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The Rock Island Argus

This is Roald Tweet on Rock Island.

Newspaper editors are almost as apt as other folks to change their minds when a better idea comes along. Here's a local example.

The town of Stephenson along the Illinois shore had changed its name to Rock Island in 1845. Now, as the clouds of the impending civil war hung over the land, Rock Island stood out among the communities around this island in its support of the Southern cause. Most of her original citizens had come up from Kentucky and other southern states. Many still had friends and relatives there. In the crucial election of 1860, Rock Island had voted for Bell and Breckenridge rather than Abraham Lincoln in spite of loud parades by the Lincoln Wide Awakes.

Among the most outspoken of Lincoln critics was J. B. Danforth, editor of The Rock Island Argus. He had changed the name of his paper from The Rock Island Republican in 1855, when a new political party took that name Republican.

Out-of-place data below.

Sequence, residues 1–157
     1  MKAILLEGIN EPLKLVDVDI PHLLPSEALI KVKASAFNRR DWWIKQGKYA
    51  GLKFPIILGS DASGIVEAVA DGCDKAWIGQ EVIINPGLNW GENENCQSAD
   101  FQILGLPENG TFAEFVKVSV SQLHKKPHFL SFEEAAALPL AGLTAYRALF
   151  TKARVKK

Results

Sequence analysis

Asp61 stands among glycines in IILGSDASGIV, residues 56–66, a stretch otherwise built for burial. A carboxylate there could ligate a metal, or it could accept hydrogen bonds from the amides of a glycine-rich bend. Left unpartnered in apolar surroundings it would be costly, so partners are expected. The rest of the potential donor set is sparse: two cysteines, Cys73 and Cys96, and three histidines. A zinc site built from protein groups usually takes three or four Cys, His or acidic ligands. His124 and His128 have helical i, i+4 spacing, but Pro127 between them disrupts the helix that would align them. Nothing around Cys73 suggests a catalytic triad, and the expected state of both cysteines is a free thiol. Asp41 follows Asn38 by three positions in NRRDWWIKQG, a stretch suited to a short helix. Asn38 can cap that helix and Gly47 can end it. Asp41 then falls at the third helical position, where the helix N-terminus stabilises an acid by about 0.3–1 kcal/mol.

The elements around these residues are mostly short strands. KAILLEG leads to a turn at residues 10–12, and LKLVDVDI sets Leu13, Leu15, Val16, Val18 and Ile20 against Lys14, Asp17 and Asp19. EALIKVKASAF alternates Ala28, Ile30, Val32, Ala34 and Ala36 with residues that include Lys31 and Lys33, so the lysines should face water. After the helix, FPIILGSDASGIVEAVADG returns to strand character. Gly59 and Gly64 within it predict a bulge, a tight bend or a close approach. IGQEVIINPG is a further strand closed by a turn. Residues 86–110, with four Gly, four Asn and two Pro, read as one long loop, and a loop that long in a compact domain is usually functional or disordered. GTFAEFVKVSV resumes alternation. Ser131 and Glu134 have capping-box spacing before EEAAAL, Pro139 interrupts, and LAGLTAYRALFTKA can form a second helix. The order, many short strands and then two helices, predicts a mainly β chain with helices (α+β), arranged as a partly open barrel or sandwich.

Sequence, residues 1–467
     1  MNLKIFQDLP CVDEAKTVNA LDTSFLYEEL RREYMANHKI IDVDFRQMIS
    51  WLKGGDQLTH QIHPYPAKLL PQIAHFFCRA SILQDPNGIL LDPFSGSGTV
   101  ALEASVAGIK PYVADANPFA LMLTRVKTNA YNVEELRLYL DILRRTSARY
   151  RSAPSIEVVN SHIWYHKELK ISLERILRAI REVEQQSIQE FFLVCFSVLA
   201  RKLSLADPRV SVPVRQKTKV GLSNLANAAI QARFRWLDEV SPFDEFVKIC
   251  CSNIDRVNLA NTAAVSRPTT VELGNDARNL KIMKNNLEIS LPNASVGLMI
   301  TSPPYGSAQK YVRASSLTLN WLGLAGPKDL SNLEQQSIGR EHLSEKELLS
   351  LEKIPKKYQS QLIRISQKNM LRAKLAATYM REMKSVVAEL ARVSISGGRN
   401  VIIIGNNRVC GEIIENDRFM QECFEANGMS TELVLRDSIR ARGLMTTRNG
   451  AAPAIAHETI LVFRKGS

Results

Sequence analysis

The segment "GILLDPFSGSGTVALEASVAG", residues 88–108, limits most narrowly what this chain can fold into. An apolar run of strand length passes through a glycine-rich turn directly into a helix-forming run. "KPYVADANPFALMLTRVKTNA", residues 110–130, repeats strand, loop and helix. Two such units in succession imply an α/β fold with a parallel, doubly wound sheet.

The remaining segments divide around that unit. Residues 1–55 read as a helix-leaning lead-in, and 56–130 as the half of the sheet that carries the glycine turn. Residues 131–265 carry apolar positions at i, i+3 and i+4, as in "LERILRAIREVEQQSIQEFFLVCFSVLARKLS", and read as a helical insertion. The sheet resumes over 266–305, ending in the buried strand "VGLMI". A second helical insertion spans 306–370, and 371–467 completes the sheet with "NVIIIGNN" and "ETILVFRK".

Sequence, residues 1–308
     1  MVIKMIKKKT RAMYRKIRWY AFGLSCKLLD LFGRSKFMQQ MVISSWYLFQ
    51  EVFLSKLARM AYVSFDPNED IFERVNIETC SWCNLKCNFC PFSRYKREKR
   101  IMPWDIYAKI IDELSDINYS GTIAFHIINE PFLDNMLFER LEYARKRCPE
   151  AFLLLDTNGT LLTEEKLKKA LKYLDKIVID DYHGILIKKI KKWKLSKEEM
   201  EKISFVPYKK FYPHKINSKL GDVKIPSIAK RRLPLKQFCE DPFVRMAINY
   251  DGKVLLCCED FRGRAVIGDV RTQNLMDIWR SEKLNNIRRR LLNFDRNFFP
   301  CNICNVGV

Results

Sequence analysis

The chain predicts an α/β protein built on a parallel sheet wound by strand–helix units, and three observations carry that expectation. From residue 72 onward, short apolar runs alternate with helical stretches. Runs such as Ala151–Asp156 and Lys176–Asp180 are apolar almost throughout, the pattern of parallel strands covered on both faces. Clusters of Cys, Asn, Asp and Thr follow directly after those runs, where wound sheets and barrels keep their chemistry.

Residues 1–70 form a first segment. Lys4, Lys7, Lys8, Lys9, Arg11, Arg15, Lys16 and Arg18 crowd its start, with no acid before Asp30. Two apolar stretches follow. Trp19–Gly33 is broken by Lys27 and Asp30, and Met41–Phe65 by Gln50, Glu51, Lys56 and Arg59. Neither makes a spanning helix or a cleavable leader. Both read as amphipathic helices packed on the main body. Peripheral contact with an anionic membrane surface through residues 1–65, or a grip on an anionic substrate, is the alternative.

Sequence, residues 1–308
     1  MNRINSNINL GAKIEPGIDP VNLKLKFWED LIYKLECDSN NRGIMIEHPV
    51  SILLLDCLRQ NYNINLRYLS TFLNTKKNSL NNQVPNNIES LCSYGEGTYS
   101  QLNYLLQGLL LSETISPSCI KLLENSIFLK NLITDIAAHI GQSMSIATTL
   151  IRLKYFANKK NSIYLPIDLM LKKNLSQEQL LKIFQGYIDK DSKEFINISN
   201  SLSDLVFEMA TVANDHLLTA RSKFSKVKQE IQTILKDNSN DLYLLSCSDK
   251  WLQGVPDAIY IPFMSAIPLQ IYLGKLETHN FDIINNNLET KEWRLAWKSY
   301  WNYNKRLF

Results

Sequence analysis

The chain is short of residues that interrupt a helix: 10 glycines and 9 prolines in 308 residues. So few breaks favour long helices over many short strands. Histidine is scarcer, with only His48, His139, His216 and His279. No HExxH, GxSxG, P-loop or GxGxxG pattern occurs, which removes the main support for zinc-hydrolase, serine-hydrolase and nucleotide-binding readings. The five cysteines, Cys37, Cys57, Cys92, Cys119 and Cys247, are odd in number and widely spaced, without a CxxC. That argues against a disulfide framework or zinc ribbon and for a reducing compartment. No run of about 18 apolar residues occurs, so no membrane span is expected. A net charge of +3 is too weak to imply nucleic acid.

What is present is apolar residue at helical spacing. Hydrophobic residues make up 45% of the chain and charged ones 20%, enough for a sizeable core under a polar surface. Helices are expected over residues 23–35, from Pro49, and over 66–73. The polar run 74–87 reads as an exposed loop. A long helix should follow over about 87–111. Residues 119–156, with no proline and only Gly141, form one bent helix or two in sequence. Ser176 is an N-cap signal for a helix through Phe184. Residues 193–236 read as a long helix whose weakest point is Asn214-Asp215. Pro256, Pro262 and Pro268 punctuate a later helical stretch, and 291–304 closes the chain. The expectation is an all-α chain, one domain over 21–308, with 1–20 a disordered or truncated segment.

All during the spring of 1861 Danforth blasted Lincoln and his "black republicans" for drawing the United States toward war. He urged resistance. The Argus increasingly became a series of editorials vilifying Lincoln as a warmonger right up until the first shells fell on Fort Sumter.

When that news reached Rock Island on April 13th, 1861, Danforth relented. The Argus fell in line with other local papers and encouraged support of the Union. All three communities responded quickly to Lincoln's call for 75,000 volunteers.

Editor Danforth made the best of a bad situation in a very American way. Within the week, the Argus was advertising patriotic flags available for sale at a modest price at the Argus offices, and encouraging Rock Island businesses to fly them. Subsequently, the Argus began publishing the names of those tardy businesses that were not yet displaying their flags, available at the Argus office.

Entrepreneurship was an activity Danforth could support.

Rock Island Lines with Roald Tweet is underwritten by Augustana College, Rock Island, Illinois.

Beginning 1995, historian and folklorist Dr. Roald Tweet spun his stories of the Mississippi Valley to a devoted audience on WVIK. Dr. Tweet published three books as well as numerous literary articles and recorded segments of "Rock Island Lines." His inspiration was that "kidney-shaped limestone island plunked down in the middle of the Mississippi River," a logical site for a storyteller like Dr. Tweet.